To identify and remedy poor client service experiences, To identify bright spots and enhance positive service experiences, To make fundamental changes to our programs and/or operations, To inform the development of new programs/projects, To identify where we are less inclusive or equitable across demographic groups, To strengthen relationships with the people we serve, To understand people's needs and how we can help them achieve their goals,

  • What significant change resulted from feedback?

    The Learning Center at Safe Harbor Shelter was designed and paid for through our fundraising efforts as a result of clients voicing a need for computers. Rather than making a trip to the library, residents requested a space on-site and the tools with which to put together their resumes, search for housing and employment. Another such example made in response to feedback by a group of our clients was regarding the lack of allowable space for folks to gather and discuss culture and religion. As a result, staff developed a schedule for the Learning Center at Safe Harbor to be used for these purposes.

  • With whom is the organization sharing feedback?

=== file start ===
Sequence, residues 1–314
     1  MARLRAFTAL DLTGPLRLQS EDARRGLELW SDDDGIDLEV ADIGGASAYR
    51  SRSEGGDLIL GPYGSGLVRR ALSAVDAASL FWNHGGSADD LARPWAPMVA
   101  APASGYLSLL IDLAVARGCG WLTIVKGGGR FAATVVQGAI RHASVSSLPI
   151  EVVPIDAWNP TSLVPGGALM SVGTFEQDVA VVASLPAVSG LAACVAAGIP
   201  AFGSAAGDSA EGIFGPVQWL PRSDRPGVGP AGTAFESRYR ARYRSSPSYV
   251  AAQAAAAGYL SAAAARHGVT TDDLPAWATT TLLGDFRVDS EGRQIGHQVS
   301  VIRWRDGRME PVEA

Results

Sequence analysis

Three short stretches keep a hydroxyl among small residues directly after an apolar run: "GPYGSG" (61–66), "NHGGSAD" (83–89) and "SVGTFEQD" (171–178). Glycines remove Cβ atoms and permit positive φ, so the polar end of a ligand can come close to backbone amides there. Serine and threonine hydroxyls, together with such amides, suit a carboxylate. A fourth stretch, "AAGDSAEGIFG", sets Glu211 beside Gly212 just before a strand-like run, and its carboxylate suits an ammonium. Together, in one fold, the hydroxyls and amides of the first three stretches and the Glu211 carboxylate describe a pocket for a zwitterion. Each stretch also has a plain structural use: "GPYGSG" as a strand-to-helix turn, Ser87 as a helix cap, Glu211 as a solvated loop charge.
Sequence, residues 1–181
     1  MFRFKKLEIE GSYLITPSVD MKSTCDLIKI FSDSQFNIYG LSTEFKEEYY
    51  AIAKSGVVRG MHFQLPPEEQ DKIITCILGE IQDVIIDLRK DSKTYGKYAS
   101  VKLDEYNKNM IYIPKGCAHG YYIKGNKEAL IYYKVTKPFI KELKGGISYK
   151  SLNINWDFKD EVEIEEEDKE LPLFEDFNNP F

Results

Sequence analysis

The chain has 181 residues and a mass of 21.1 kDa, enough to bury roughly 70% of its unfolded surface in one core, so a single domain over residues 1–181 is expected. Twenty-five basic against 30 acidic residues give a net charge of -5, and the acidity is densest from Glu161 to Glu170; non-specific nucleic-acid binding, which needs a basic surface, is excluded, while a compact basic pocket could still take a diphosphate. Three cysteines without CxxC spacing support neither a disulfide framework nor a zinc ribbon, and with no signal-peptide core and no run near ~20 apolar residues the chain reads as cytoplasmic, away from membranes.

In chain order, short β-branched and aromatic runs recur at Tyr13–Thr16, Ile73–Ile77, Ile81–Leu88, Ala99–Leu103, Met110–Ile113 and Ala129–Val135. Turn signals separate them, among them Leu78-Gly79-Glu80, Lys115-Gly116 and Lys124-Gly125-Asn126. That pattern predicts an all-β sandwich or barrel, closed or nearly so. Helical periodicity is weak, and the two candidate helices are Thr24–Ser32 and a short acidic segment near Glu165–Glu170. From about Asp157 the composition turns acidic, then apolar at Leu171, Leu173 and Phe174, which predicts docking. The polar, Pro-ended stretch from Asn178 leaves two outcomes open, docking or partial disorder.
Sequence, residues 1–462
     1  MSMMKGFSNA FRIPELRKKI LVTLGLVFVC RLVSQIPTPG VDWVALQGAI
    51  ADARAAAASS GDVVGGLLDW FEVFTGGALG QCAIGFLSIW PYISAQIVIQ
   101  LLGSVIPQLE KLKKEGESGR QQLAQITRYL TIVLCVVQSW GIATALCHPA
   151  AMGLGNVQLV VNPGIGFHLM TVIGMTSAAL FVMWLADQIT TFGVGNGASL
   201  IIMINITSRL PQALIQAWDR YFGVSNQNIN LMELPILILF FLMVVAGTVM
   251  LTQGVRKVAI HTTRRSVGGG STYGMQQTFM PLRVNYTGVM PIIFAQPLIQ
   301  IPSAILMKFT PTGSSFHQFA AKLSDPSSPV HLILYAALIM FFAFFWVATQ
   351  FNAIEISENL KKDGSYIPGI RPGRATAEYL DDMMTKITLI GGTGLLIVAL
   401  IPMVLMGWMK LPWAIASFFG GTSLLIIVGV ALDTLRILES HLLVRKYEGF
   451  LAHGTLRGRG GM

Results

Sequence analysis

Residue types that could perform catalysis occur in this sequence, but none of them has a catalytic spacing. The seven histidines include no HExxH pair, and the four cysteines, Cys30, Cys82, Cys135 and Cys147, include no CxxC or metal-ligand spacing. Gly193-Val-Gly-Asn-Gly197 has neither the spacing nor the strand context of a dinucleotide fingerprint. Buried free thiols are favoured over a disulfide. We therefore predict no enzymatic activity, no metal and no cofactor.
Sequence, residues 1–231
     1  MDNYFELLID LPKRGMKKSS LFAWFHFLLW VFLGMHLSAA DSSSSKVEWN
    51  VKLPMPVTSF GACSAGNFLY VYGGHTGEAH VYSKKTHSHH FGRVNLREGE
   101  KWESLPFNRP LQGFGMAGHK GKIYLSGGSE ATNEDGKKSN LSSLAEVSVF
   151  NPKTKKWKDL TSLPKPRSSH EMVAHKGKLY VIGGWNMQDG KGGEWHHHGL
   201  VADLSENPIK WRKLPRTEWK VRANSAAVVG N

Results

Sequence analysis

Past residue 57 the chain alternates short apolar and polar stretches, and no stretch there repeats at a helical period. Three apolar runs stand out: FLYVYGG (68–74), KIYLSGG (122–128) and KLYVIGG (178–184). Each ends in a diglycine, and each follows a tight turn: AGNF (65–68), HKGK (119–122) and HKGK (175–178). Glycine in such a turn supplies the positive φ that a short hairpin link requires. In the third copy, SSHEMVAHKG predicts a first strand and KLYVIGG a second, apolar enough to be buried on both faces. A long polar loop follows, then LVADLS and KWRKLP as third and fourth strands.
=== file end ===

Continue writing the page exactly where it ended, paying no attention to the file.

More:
The people we serve, Our staff, Our board, Our funders, Our community partners,

  • How has asking for feedback from the people you serve changed your relationship?

    Samaritan House has a rich history of hiring clients with lived experience who are both from our existing programs or other programs in the broader community. We know through experience that different ideas, perspectives, and backgrounds create a stronger community. We commit to aligning our culture and service practices to further be a beacon of diversity, equity, inclusion, and belonging. As such, Samaritan House is forming a client advisory group consisting of members with current or past experience of homelessness, including staff who were once clients, who can provide invaluable feedback on the systems they have personally navigated. Members will use this platform to learn about and evaluate the system of care and to make recommendations for improvement.

  • Which of the following feedback practices does your organization routinely carry out?